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Debian Edu Wheezy (was Re: Bits from the Release Team - minutes (pt 1), retrospective, time based freezes and more!


while we're still busy working on Debian Edu Squeeze, others are busy with 
Wheezy, the next Debian release. Quoting the mail quoted below (in full): 
"However, we had to make a decision, and have picked on June 2012 as the 
current proposed freeze date for the next release."

So this is when we should stop developing Debian Edu Wheezy ;-)


On Dienstag, 28. Juni 2011, Neil McGovern wrote:
> In this update:
> * Release Team sprint minutes <SPRINT>
> * Squeeze wrap up/retrospective <RETRO>
> * Release team membership/workload <MEMBERS>
> * Time based freezes <TBF>
> * Migrations from unstable to testing <BRITNEY>
> * Misc, and what's in the next update <COMINGUP>
> Hi all,
> I'm fully aware that we're well overdue providing a bits mail from the
> Release Team. This is the first of a set to be sent over the coming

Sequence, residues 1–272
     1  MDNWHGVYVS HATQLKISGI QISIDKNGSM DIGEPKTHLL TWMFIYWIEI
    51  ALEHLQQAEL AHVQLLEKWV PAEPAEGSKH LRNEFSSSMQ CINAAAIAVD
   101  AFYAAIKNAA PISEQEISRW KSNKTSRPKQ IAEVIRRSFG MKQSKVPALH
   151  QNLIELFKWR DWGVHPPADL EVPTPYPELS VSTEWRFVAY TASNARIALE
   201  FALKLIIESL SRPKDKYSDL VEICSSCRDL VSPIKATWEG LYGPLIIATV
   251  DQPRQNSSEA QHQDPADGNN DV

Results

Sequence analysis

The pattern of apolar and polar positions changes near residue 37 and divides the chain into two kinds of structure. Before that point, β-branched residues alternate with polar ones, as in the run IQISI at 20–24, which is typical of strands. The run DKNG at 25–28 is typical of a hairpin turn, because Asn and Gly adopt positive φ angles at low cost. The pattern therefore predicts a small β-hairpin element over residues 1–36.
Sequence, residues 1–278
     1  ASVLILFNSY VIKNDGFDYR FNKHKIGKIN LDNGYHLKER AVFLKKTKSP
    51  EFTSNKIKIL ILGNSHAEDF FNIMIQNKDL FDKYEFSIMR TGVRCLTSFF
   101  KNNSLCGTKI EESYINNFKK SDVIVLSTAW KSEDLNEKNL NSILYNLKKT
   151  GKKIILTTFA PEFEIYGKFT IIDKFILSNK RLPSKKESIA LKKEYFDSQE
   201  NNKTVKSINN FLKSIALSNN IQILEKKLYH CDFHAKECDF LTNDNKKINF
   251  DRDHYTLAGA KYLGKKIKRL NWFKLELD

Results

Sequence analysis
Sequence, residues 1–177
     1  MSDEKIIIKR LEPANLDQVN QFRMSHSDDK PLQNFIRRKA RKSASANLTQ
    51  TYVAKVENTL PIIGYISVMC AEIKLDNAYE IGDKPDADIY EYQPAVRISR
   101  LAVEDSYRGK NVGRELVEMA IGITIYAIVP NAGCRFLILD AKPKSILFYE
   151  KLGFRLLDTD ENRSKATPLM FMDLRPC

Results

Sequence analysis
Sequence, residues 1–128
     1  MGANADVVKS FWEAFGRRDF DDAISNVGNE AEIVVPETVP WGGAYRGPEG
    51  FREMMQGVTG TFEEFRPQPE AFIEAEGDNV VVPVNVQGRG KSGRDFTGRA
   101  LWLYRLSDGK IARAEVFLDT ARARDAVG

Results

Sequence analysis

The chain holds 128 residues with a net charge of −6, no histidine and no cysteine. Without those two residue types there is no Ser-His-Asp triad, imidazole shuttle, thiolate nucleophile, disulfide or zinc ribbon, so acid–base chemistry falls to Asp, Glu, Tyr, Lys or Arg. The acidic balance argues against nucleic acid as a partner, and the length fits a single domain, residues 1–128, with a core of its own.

> weeks, and now with a new format that will hopefully make things easier
> to read!
> If you've got this far, you'll have noticed the section above. I hope
> that this can be used for people to get a quick overview of what is in
> each update, and the ability to skip to any relevant section they're
> interested in.  Obviously I'd prefer that it was all read and digested
> in detail, but I know that everyone is busy, and so would like to make
> it as easy as possible to get news across.
> Release Team sprint minutes <SPRINT>
> ------------------------------------
> For those not aware, the release team recently had a sprint in Antwerp.
> I'd like to take this opportunity to thank Inuits for providing the
> venue, and the Debian project for travel and accommodation sponsorship.
> During the sprint itself, we set up a 'live' minute log [SPRINT:LOG] so